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1.  KPNA6 (Importin α7)-Mediated Nuclear Import of Keap1 Represses the Nrf2-Dependent Antioxidant Response ▿  
Molecular and Cellular Biology  2011;31(9):1800-1811.
The transcription factor Nrf2 has emerged as a master regulator of cellular redox homeostasis. As an adaptive response to oxidative stress, Nrf2 activates the transcription of a battery of genes encoding antioxidants, detoxification enzymes, and xenobiotic transporters by binding the cis-antioxidant response element in the promoter regions of genes. The magnitude and duration of inducible Nrf2 signaling is delicately controlled at multiple levels by Keap1, which targets Nrf2 for redox-sensitive ubiquitin-mediated degradation in the cytoplasm and exports Nrf2 from the nucleus. However, it is not clear how Keap1 gains access to the nucleus. In this study, we show that Keap1 is constantly shuttling between the nucleus and the cytoplasm under physiological conditions. The nuclear import of Keap1 requires its C-terminal Kelch domain and is independent of Nrf1 and Nrf2. We have determined that importin α7, also known as karyopherin α6 (KPNA6), directly interacts with the Kelch domain of Keap1. Overexpression of KPNA6 facilitates Keap1 nuclear import and attenuates Nrf2 signaling, whereas knockdown of KPNA6 slows down Keap1 nuclear import and enhances the Nrf2-mediated adaptive response induced by oxidative stress. Furthermore, KPNA6 accelerates the clearance of Nrf2 protein from the nucleus during the postinduction phase, therefore promoting restoration of the Nrf2 protein to basal levels. These findings demonstrate that KPNA6-mediated Keap1 nuclear import plays an essential role in modulating the Nrf2-dependent antioxidant response and maintaining cellular redox homeostasis.
PMCID: PMC3133232  PMID: 21383067
2.  High levels of Nrf2 determine chemoresistance in type II endometrial cancer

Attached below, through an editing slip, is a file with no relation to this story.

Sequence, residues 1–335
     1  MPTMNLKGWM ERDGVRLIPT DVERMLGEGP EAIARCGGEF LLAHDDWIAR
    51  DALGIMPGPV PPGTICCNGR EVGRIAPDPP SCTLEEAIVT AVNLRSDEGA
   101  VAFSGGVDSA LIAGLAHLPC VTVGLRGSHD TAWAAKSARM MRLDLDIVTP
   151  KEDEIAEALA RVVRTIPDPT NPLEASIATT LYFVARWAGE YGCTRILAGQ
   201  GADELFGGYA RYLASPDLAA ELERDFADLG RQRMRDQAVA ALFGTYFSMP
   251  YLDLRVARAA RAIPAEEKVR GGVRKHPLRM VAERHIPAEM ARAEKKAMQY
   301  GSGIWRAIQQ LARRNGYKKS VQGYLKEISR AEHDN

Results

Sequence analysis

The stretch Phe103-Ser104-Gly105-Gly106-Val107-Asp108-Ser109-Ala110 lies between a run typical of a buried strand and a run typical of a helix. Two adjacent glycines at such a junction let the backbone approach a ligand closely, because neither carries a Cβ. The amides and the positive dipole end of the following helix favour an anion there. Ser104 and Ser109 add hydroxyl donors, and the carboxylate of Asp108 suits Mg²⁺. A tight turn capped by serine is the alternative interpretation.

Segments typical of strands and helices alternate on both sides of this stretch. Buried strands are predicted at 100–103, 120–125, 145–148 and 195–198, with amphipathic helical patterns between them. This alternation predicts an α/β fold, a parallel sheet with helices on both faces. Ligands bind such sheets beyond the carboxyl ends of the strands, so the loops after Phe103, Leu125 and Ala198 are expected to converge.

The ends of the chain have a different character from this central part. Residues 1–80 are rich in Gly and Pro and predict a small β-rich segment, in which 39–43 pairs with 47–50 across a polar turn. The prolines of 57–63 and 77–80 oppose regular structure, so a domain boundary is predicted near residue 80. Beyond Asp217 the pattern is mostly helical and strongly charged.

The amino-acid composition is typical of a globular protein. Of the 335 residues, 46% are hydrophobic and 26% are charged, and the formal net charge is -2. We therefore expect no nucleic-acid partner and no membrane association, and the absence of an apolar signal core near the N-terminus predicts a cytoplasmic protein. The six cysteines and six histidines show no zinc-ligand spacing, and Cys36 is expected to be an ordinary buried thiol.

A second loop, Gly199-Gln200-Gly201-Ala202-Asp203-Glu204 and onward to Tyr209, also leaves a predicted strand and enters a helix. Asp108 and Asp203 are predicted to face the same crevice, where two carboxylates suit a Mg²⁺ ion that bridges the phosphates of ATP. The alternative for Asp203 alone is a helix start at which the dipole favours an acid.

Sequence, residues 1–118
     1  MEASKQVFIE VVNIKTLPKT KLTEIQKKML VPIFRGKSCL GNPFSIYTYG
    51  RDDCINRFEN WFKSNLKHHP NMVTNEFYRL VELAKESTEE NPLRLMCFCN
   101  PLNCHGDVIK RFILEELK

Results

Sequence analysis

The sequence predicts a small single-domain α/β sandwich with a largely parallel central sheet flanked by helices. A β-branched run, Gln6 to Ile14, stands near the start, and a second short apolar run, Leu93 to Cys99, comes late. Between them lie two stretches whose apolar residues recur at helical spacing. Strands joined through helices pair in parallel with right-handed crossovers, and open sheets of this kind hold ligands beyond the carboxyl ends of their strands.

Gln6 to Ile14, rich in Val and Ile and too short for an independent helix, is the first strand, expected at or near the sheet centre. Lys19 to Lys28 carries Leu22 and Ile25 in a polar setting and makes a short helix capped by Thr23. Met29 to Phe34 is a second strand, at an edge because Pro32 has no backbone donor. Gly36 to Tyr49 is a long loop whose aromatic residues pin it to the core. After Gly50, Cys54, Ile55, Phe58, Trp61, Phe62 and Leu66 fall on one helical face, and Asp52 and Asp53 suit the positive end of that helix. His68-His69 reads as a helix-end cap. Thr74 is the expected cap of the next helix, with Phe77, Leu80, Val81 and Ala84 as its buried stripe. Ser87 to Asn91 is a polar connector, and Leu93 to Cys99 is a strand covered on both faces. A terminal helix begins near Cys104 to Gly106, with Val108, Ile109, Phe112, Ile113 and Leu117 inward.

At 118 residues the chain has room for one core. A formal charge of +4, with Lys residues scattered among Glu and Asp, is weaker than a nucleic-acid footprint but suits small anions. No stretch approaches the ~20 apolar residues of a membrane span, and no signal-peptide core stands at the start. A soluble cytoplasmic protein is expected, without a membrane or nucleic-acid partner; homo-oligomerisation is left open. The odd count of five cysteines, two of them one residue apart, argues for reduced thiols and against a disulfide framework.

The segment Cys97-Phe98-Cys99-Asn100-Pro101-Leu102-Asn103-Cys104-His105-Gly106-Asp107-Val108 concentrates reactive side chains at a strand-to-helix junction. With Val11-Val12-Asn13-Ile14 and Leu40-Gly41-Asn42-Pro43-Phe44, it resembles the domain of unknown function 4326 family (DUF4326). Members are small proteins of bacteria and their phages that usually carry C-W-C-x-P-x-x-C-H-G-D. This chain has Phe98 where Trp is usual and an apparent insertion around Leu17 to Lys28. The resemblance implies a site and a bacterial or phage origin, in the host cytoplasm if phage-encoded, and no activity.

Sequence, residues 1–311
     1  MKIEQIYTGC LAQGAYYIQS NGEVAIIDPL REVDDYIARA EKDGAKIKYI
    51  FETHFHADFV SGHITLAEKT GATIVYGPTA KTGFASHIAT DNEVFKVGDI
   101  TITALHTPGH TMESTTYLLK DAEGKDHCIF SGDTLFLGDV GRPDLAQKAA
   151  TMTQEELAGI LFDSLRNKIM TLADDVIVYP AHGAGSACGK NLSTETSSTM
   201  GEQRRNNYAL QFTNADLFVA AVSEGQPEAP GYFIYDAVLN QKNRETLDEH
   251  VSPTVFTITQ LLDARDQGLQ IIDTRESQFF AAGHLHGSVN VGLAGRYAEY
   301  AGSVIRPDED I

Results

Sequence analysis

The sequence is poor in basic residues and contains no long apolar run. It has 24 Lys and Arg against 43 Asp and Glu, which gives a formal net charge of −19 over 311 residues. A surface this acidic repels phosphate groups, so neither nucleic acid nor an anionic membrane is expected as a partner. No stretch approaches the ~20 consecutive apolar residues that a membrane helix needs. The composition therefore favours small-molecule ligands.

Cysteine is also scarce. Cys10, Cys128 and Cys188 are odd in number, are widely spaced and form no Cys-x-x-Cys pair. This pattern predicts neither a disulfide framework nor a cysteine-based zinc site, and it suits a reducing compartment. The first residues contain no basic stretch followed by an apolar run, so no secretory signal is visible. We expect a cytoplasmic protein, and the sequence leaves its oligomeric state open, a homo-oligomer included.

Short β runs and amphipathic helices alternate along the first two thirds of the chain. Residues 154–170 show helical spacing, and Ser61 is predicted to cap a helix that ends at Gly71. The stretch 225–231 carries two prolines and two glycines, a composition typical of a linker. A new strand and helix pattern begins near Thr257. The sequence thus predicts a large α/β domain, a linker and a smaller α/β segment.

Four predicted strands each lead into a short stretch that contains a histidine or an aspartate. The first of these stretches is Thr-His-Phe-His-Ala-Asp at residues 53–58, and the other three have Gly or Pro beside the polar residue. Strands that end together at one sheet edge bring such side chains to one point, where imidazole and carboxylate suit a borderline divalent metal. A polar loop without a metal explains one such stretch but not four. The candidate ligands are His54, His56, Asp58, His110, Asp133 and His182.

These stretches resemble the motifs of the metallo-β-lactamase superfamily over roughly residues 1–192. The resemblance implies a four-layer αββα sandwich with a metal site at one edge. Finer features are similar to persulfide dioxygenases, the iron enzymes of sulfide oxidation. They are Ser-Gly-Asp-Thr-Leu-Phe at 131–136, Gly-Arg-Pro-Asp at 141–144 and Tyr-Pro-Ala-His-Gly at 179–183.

Cancer research  2010;70(13):5486-5496.
Type II endometrial cancer, which mainly presents as serous and clear cell types, has proved to be the most malignant and recurrent carcinoma among various female genital malignancies. The transcription factor, Nrf2, was first described as having chemopreventive activity. Activation of the Nrf2-mediated cellular defense response protects cells against the toxic and carcinogenic effects of environmental insults by upregulating an array of genes that detoxify reactive oxygen species (ROS) and restore cellular redox homeostasis. However, the cancer-promoting role of Nrf2 has recently been revealed. Nrf2 is constitutively upregulated in several types of human cancer tissues and cancer cell lines. Furthermore, inhibition of Nrf2 expression sensitizes cancer cells to chemotherapeutic drugs. In this study, the constitutive level of Nrf2 was compared in different types of human endometrial tumors. It was found that Nrf2 was highly expressed in endometrial serous carcinoma (ESC), whereas complex hyperplasia (CH) and endometrial endometrioid carcinoma (EEC) had no or marginal expression of Nrf2. Likewise, the ESC derived SPEC-2 cell line had a higher level of Nrf2 expression and was more resistant to the toxic effects of cisplatin and paclitaxel than that of the Ishikawa cell line, which was generated from EEC. Silencing of Nrf2 rendered SPEC-2 cells more susceptible to chemotherapeutic drugs while it had a limited effect on Ishikawa cells. Inhibition of Nrf2 expression by overexpressing Keap1 sensitized SPEC-2 cells or SPEC-2-derived xenografts to chemotherapeutic treatments using both cell culture and SCID mouse models. Collectively, we provide a molecular basis for the use of Nrf2 inhibitors to increase the efficacy of chemotherapeutic drugs and to combat chemoresistance, the biggest obstacle in chemotherapy.